Make sure you ask your workers for their ideas and feedback.

Once you decide on your controls, you must record your findings and periodically review your risk assessment.


5. Reporting and learning from incidents


What you must report

Employers, certain self-employed people and those in control of work premises must report certain workplace injuries, dangerous occurrences and occupational diseases to HSE under the Reporting of Injuries, Diseases and Dangerous Occurrences Regulations (RIDDOR).

You must report any act of work-related violence that results in:

  • death

  • a specified injury

  • a physical injury to a worker that means they are unable to carry out their normal duties for more than 7 days

You do not need to report but you must keep a record of any work-related injuries that result in a worker being unable to carry out their normal duties for more than 3 days.

RIDDOR only requires you to report accidents that arise 'out of or in connection with work'. The work activity itself must lead to the accident.

For example, an injury would not be reportable if it involves:

  • one worker injuring another during a personal dispute

  • a worker being injured by a relative or friend who visits them at work about a domestic matter

Informing the police

In addition to reporting incidents to HSE, you or your workers may also want to report instances of violence or intimidation to the police. To do this, you can use the local police force online reporting system, or you can call 101.


Recording violent incidents

It is important to record incidents that your workers experience, This will help you:

  • investigate incidents to build a true picture of the risks and triggers for violence and review whether your control measures are working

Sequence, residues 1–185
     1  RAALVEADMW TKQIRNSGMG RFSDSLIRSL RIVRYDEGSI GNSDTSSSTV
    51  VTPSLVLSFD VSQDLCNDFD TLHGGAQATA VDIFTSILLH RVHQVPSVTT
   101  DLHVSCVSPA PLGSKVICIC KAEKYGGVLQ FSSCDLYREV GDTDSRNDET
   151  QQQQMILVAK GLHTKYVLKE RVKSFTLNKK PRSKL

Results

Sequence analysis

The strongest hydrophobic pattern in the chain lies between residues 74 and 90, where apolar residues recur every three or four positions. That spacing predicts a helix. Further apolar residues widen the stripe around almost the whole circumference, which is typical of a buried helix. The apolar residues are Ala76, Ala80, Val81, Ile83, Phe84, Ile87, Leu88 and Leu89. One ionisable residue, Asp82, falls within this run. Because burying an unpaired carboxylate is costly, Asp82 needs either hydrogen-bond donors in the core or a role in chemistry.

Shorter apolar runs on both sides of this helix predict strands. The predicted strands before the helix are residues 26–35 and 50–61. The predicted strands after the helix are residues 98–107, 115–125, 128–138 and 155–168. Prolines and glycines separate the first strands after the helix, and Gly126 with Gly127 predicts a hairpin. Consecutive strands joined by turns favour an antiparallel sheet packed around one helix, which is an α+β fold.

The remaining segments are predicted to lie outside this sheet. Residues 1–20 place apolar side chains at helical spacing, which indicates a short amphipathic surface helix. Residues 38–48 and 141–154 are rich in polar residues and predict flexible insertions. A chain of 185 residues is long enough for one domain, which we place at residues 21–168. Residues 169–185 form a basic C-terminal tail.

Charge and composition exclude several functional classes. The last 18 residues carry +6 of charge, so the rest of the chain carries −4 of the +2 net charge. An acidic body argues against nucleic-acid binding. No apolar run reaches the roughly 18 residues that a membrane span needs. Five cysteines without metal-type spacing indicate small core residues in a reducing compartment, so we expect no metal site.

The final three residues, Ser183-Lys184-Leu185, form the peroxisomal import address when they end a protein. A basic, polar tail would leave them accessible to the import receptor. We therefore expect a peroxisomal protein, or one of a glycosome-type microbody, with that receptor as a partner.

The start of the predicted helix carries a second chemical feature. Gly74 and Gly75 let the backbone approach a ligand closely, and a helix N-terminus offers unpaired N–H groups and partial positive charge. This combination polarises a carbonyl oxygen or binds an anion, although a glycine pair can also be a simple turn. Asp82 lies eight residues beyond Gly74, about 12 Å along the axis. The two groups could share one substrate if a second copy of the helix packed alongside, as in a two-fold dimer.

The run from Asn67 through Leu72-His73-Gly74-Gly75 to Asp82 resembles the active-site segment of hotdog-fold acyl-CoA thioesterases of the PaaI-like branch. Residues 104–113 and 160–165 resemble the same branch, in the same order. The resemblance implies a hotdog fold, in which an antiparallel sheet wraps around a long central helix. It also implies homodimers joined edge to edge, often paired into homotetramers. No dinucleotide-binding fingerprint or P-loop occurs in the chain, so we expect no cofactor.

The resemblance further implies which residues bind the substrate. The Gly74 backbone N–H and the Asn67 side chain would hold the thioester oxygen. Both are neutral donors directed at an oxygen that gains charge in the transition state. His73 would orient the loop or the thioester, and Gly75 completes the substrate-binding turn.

• show your workers that you take violence seriously

There are many reasons why workers do not report violence or aggression. These include:

  • believing it is just part of the job

  • fearing they will be blamed for the incident

  • not knowing how to report and record incidents

  • reporting and recording procedures are time-consuming, too complicated or difficult to use

  • believing nothing will be done about it

  • thinking the reputation of the business may be damaged

You can overcome this by developing a recording system that is quick and easy to use, promoting its use among workers, and demonstrating that you will act on the findings.


How to record incidents

If you have an accident book you can make a record in that.

You can create a simple report form for incidents and make these forms easy for workers to use.


For example, you could provide alternative formats such as paper form, online or mobile applications to allow all workers to report incidents as soon as possible.


A brief note of what happened, when, and who was involved should be enough to get your worker started, particularly in the case of verbal abuse.


You can buy HSE’s accident book to help you record incidents.


Providing support for your workers

There can be a significant impact on workers who are directly involved and those who witness an incident. It can affect workers’ mental and physical health.

Here are some key points to consider:

  • victims will react in different ways − consider changing a person’s job role or working conditions if they are particularly affected by the incident

  • sensitive and appropriate support will reduce the victim’s suffering, for example offer them a chance to talk openly about the incident as soon as possible

  • you can offer confidential counselling if your organisation provides this, or give them the details of local counselling services, or charities such as Victim Support

  • make sure the workers dealing with post-incident situations are fully trained and know how to support their colleagues

Work-related stress

Violence and aggression can lead to workers experiencing stress. There is advice on protecting workers from stress and mental health conditions.